© Star photo by Cory Hurley
Kaitlyn Coombs, community development coordinator, speaks at the Glynmill Inn Thursday.
The spreading of “peace” continues throughout the Corner Brook and surrounding areas.
Project P.E.A.C.E. (Promoting Equality and Accountability through Community Engagement) is a two-year project funded by the Status of Women Canada. A needs assessment was established, leading to a strategy to address gender-based violence through intervention and community response.
Kaitlyn Coombs, the community development coordinator, said it is important for this project to have a lasting impact throughout the community.
“That is what it is all about,” she said. “We didn’t want to start this project, have it done in April, and that’s it.”
P.E.A.C.E. has already led to the Clothesline Project. There were 175 T-shirts made with anti-violence messages and hung at Grenfell Campus, Memorial University of Newfoundland by women who had experienced violence in their lives.
There was also a Girls Circle held in Cox’s Cove. It was a nine-week program for junior and high school students focusing on healthy relationships, self-esteem, respect, recognizing good relationships and body image.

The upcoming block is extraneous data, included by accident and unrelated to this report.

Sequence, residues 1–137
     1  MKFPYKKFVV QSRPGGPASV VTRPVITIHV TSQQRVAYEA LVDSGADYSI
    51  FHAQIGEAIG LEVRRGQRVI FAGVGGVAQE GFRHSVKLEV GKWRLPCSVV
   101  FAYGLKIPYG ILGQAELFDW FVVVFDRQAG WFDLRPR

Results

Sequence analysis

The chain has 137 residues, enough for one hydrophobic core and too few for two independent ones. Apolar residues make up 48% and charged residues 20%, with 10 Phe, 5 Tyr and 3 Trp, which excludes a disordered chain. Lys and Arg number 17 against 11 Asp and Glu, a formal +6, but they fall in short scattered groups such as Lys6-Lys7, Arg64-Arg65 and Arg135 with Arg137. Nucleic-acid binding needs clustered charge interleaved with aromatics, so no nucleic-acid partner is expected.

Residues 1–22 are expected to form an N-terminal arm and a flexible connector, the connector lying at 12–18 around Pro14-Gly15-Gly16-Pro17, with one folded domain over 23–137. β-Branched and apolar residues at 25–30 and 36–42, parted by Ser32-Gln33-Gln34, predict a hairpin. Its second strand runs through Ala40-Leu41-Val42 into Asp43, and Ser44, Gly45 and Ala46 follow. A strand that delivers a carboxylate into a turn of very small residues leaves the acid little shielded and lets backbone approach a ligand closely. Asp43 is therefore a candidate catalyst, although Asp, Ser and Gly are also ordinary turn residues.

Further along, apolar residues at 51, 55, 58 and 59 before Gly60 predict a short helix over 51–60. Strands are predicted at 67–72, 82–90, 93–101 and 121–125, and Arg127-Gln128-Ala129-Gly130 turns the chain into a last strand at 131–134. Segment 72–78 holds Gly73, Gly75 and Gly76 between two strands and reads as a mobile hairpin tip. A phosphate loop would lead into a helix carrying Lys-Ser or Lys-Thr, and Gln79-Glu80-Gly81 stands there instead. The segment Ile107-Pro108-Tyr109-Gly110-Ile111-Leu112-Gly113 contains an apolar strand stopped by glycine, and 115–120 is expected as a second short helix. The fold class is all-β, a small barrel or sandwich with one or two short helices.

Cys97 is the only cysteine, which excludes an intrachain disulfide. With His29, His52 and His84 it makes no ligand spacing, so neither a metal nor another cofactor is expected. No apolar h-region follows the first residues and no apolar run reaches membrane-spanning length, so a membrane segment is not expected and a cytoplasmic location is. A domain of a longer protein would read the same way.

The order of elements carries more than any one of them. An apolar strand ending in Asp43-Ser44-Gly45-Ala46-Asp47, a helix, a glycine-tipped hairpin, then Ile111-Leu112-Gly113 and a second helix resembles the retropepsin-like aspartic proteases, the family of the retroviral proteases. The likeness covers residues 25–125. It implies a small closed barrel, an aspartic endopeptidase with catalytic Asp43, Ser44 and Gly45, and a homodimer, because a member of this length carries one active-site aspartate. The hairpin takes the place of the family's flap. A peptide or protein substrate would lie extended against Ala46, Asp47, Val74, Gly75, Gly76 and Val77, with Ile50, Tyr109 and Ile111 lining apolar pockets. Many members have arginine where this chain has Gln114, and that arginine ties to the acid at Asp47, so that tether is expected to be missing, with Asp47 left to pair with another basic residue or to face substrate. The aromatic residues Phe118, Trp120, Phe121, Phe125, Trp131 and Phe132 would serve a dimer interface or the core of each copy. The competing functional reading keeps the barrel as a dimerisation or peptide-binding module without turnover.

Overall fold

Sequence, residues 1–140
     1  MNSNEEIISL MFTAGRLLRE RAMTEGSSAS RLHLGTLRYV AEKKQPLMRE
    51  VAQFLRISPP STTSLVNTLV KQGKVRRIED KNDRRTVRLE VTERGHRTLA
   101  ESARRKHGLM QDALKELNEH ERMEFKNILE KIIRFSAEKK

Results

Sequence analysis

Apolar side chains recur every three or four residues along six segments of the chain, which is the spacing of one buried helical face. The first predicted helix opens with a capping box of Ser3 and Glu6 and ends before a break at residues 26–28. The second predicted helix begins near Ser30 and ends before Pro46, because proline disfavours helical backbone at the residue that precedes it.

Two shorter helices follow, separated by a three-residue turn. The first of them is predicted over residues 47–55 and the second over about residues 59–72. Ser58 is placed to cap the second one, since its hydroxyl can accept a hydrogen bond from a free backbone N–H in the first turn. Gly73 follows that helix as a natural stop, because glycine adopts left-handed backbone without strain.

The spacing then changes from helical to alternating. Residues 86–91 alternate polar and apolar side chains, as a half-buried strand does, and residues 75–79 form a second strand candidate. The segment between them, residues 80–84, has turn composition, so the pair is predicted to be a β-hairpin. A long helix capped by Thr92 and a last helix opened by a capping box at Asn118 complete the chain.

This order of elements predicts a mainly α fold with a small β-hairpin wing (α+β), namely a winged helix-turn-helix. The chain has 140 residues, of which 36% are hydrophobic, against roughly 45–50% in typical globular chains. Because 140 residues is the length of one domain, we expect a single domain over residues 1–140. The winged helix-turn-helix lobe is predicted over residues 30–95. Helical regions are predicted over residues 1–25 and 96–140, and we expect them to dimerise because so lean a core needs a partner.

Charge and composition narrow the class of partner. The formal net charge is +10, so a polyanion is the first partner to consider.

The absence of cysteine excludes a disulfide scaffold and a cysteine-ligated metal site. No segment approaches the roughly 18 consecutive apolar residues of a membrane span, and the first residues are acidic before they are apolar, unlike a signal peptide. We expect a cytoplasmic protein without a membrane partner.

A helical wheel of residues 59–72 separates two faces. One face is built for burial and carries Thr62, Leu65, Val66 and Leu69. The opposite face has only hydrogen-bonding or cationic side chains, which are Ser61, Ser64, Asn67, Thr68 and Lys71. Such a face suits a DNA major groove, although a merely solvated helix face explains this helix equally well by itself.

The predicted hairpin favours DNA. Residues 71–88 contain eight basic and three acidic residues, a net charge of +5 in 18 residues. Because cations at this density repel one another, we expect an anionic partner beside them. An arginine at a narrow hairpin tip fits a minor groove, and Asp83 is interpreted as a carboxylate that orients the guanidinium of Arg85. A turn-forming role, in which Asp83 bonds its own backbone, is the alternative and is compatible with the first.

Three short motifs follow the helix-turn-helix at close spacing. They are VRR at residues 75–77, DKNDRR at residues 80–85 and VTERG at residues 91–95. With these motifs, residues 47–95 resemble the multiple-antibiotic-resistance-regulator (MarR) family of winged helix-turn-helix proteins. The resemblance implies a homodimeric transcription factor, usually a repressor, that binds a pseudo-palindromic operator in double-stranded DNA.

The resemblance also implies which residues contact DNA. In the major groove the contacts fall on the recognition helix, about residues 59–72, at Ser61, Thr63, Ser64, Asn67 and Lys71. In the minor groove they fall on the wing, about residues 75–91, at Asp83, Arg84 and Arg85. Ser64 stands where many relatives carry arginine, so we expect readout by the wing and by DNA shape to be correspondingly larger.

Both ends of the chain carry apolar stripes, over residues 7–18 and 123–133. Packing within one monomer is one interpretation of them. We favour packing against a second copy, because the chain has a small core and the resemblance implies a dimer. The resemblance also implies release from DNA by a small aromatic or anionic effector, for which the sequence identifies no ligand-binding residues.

A Boys Council — a similar program for males — is expected to be held in Cox’s Cove, along with another in Corner Brook.
The first support group for violence against women in Corner Brook began Jan. 14. “Women empowering women” has nine female participants talking about violence and being educated on related topics such as healthy relationships. The goal is for two of the women to continue to lead the support group.
There will be a landlords forum held at the Pepsi Centre in Corner Brook March 19. It is designed to address affordable housing issues and stigmas and misinformation about single women and mothers or about women escaping from violent relationships.
A legal information session is expected to be held in April. The project is also expected to result in a proposal for a community youth centre in Deer Lake. Coombs said it would be difficult to establish a centre in its two-year mandate, but that a proposal is a good start for youth in that town.
The community development coordinator said it is a shame this is just a two-year project.
“This is funding that should be in place all the time,” she said.